Also, take another look at the chart XKCD put up. It makes you feel better, doesn't it? After all, the extra dosage right next to Fukushima is comparable to, say, a mammogram. Notice closer, that is a 1 day dose (and there were two days of that level). Also keep in mind, radiation damage is a function of dose over time (notice the descriptions on chart include time or instances). For those "yearly maximum" dosages allowed, those are cumulative numbers (the "normal yearly background dose" talks about that a little bit). So all the talk about "you get more radiation from the sun than you would from this reactor" you can see as throwing sand in the eyes. See, you've evolved to handle that dose from the sun and other environmental sources. And you have some tolerance for even higher exposure rates. How much over is still a matter of debate. Also, that background rate may (we say "may" because nobody has been able to show a link) help lead to "normal" cancer rates. That is, the lifetime accumulation of damage from background radiation can contribute to the norm of cancer rates (before you add in other factors like smoking, etc). Don't believe me? Go listen to longevity experts talk about reducing "free radicals."

Just a quick note here. We're all going to die (sorry to break this news to you). Our increasing life expectancy hasn't really lengthened our lives. If you make it to 65, you have the same chance to see 85 as your great grandparents. The difference is that more of us are making it to 65 (which pulls up the average). But if traumatic injury or infectious disease doesn't get us, organ failure or cancer (or the complications from these) will. That's really how we die. So as a matter of living on this planet, cancer is a possibility. And if you live long enough, it's a probability.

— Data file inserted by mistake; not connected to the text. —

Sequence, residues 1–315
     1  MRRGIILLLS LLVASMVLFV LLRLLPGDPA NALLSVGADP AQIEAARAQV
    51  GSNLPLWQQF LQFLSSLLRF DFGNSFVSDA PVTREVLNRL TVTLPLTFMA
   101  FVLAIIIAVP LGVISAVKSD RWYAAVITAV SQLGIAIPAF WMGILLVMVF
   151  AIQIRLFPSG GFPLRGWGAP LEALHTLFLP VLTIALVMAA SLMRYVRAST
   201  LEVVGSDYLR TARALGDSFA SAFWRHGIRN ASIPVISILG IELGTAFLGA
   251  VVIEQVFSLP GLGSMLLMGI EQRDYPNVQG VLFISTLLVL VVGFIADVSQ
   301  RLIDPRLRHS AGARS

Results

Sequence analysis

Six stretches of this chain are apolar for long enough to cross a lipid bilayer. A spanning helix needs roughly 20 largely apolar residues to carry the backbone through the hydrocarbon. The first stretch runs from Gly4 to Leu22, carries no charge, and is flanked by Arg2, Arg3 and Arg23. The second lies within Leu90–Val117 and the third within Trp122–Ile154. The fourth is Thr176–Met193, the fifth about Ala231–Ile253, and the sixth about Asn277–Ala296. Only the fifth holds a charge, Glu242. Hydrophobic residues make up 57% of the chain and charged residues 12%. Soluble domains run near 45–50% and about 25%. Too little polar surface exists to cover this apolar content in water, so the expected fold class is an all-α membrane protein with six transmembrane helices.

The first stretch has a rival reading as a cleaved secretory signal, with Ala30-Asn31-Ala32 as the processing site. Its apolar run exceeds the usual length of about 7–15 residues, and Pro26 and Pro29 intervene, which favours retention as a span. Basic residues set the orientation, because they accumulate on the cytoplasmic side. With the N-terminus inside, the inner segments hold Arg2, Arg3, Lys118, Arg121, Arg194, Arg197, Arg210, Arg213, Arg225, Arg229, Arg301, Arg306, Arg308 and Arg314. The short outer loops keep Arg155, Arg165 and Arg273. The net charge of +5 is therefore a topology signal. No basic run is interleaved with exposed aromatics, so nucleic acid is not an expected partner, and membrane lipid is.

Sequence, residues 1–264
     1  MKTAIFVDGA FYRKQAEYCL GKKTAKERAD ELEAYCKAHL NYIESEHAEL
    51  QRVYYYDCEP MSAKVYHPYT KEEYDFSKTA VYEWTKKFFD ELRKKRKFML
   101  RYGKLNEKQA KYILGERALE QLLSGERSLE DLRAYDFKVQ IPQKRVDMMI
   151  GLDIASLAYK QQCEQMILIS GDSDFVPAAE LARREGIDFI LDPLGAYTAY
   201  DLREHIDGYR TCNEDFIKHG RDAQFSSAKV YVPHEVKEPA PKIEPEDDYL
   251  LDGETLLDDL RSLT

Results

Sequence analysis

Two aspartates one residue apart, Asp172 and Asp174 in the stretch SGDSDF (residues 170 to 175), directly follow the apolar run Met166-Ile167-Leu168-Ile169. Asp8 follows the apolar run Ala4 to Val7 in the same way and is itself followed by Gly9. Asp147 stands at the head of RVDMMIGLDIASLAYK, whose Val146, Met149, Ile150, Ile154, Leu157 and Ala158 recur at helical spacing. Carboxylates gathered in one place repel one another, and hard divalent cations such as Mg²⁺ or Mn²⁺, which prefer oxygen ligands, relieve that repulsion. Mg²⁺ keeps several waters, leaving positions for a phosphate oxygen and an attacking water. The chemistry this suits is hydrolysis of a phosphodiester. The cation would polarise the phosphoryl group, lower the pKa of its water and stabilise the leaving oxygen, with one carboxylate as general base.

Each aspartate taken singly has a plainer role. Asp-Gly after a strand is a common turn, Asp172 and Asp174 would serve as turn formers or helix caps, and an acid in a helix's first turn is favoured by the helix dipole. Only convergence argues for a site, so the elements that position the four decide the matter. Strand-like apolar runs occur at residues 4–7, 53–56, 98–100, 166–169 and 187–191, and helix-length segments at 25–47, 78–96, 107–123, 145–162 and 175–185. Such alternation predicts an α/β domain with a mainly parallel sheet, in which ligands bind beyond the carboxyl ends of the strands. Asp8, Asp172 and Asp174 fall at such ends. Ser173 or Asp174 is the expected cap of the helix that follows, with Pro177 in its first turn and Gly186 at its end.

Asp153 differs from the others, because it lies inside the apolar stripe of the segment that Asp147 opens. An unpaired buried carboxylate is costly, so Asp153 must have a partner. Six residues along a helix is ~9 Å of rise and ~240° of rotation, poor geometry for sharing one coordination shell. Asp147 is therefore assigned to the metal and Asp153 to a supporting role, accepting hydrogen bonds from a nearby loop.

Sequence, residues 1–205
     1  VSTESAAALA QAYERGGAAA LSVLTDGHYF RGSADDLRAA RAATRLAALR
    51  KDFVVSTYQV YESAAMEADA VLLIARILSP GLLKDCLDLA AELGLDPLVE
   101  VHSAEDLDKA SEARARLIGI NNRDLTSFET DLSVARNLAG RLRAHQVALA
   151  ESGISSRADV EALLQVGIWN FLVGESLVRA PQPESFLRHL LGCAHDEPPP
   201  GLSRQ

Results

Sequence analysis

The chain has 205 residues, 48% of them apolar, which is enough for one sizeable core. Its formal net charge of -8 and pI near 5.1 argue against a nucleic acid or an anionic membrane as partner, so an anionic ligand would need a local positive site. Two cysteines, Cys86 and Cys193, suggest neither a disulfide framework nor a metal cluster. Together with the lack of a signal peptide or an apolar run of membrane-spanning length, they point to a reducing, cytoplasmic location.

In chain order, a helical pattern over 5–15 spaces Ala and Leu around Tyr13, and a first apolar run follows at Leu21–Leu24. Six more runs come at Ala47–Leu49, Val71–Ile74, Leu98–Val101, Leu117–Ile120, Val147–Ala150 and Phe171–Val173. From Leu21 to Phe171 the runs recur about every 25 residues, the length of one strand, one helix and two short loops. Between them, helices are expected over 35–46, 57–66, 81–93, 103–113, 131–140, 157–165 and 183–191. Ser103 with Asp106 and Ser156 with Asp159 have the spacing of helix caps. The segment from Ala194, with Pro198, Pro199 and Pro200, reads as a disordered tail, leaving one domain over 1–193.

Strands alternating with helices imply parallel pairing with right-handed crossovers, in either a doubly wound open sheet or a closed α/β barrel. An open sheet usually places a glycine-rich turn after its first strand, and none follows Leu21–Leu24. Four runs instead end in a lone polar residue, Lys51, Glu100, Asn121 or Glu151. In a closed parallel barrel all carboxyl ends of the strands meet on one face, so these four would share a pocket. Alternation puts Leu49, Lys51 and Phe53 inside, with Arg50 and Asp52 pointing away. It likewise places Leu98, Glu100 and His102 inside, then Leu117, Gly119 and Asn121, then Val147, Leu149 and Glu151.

Also, if you listen, you'll hear about how radiation dosage limits are "set really low." This is a function of how the dosages have been set lower as more and more data comes in. Here's a little article on epidemiological studies on radiologists and radiologic technicians and their death rates from cancer. If you want, you can just read the abstract (it's the first paragraph). I'll note sentences 3 through 6. Basically it says the stats on hard cancers (organ cancers) aren't consistent (because lung cancer is not pancreatic cancer), however there is an increased risk of leukemia (blood cancer) in practitioners who started before 1950 (this was when acceptable radiation levels were higher). Also, there's a higher risk if you work longer hours early in your career. So, it looks like cancer rates are dropping. Right? Except now read the last sentence. Because we've continually dropped the dosage levels, we haven't been at the current levels long enough to see if there's a real effect (this is also a semi generic scientific statement that means, "we don't have enough data to reach a sound conclusion either way, so we're punting in case anybody calls us on it and our hunches are proven wrong later"). So, yeah, we don't know if those "acceptable dosage levels" are actually "acceptable" or not. So, no, those levels are not "low." Because higher levels have been shown to cause problems. To counter my argument, yes, the numbers are typically cut either in easy fractions (half, quarter) or by factors of ten. So they are big cuts. However, acceptable radiation exposure dosages, in my lifetime, have been cut 3 times that I can remember (the last in the late 90s). Each time because it was found what was a "way too big reduction" actually wasn't enough.